Category Archives: Book Reviews

The active observatory

The following review was written for the new Science Studies section of the website Dissertation Reviews, and can also be read there. It is an outline of Alistair Kwan’s Architectures of astronomical observation: from Sternwarte Kassel (circa 1560) to the Radcliffe … Continue reading

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An 18th-century astronomical tour

In the latest issue of the British Journal for the History of Science I have a review of Kurt Møller Pedersen and Peter de Clercq’s edition of the journal that the Danish astronomer, surveyor and mathematician Thomas Bugge kept of … Continue reading

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Creative, historical (non-)fiction

A post musing on history and history of science in creative non-fiction and fiction, plus a review of the historical, astronomical, romantic novel Variable Stars. [Read more]

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Re-reading, re-creating

I have recently been going through the somewhat unnerving experience of re-reading my own book. There are good reasons for this, to do with writing something that closely relates to work that I completed more years ago than I care … Continue reading

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[Review] The Genius of Erasmus Darwin

C.U.M. Smith & Robert Arnott, eds. The Genius of Erasmus Darwin , Burlington VT: Ashgate, 2005, xvii + 416 pp., illus, $130. As we approach [This review appeared in Journal of the History of Biology 41(4): 766 – 768 in 2008] the bicentennial of … Continue reading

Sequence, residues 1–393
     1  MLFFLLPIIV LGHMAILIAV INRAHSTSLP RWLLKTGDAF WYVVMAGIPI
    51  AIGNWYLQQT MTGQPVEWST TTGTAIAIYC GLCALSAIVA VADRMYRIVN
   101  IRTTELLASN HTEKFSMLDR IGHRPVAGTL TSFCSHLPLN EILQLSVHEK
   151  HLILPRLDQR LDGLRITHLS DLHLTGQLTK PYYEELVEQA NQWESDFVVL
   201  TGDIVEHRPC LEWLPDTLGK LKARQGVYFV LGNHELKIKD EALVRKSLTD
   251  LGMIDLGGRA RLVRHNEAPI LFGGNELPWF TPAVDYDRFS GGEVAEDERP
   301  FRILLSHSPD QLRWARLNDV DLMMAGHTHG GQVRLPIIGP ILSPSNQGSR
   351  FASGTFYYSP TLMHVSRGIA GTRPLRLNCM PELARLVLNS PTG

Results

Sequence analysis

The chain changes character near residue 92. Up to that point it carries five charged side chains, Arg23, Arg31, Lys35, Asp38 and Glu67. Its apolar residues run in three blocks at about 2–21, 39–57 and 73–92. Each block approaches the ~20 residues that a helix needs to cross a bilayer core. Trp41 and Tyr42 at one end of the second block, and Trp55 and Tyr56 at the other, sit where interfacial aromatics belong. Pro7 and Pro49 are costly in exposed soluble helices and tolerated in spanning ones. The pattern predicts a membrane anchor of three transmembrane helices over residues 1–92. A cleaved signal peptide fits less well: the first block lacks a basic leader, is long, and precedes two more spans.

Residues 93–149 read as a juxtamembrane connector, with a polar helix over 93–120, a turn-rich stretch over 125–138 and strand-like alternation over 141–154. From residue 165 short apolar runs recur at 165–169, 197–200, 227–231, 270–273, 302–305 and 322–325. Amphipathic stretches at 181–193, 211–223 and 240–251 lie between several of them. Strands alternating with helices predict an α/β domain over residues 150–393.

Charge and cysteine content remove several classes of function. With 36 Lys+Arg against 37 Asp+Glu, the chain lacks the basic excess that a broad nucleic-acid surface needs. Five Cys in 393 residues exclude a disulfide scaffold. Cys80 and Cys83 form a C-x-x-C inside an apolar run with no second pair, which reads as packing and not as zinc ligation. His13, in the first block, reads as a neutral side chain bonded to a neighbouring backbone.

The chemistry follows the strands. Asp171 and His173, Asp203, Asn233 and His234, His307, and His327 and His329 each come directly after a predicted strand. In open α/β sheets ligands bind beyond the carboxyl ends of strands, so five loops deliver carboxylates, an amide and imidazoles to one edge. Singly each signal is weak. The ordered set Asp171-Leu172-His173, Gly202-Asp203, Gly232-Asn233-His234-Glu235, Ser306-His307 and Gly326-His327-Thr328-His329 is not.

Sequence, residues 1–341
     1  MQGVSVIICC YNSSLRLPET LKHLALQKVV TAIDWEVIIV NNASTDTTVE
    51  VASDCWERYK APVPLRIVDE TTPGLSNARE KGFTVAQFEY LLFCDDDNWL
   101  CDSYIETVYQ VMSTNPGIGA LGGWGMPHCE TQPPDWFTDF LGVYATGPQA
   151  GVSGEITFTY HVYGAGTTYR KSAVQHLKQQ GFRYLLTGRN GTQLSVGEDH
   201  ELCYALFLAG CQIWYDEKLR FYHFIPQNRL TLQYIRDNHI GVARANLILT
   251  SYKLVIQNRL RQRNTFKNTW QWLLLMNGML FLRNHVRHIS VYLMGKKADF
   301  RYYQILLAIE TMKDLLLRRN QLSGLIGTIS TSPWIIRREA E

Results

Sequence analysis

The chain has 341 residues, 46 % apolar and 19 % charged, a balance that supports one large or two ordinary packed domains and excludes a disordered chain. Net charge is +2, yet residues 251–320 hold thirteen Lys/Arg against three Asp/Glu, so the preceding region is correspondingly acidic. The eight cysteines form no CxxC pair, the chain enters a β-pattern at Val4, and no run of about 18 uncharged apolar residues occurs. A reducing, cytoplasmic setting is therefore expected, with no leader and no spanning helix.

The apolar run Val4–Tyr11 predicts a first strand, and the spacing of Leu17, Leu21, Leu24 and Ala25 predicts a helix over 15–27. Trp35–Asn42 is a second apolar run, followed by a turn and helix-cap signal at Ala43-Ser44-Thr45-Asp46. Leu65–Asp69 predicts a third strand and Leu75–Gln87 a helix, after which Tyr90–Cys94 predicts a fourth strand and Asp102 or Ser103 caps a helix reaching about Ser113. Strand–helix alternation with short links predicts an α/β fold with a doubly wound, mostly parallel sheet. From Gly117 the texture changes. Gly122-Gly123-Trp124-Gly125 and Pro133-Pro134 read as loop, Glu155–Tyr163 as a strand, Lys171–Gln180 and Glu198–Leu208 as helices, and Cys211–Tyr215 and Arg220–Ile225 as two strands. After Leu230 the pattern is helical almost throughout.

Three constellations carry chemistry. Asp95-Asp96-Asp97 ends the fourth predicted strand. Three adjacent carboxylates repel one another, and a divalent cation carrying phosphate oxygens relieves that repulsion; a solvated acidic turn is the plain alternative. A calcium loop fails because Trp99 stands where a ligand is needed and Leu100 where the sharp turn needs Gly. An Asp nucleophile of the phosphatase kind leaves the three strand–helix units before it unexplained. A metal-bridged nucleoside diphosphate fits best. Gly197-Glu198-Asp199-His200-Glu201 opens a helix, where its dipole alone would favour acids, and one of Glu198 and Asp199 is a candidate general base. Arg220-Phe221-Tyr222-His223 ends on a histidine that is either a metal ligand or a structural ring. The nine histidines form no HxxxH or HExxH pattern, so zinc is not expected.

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[Review] Richard Owen. Biology Without Darwin.

Nicolass Rupke. Richard Owen: Biology without Darwin. xxiv + 344pp., Chicago: University of Chicago Press, 2009. $29.00, (paper). The Natural History Museum in London recently unveiled its Darwin Center, the most significant expansion of the Museum since it opened at its present site in … Continue reading

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[Review] Adam’s Ancestors: Race, Religion and the Politics of Human Origins.

It is not often that one reads a book that discusses both the sixteenth century Spanish human rights advocate Bartolomé de Las Casas and the twentieth century American neo-Nazi Richard Butler, but David Livingstone’s latest monograph does just that. Livingstone offers a … Continue reading

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